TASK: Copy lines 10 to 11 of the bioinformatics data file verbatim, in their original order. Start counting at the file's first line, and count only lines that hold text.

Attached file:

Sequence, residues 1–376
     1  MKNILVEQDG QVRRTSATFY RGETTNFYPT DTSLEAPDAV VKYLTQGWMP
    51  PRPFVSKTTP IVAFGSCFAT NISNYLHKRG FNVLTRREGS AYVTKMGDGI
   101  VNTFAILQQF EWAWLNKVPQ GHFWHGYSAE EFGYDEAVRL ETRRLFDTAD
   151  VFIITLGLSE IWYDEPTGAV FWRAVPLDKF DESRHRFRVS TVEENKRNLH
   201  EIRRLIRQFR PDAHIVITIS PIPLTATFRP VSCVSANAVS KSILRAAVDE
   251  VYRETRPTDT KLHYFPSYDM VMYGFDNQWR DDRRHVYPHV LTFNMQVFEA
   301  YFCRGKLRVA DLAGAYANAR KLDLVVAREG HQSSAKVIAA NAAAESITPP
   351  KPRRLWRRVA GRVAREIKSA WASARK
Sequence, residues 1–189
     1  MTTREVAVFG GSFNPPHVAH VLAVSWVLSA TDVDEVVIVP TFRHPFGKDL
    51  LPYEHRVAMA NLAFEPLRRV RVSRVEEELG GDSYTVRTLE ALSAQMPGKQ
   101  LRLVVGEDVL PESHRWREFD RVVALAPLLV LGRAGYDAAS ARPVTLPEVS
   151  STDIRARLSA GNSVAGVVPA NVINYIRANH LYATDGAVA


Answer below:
Sequence, residues 1–189
     1  MTTREVAVFG GSFNPPHVAH VLAVSWVLSA TDVDEVVIVP TFRHPFGKDL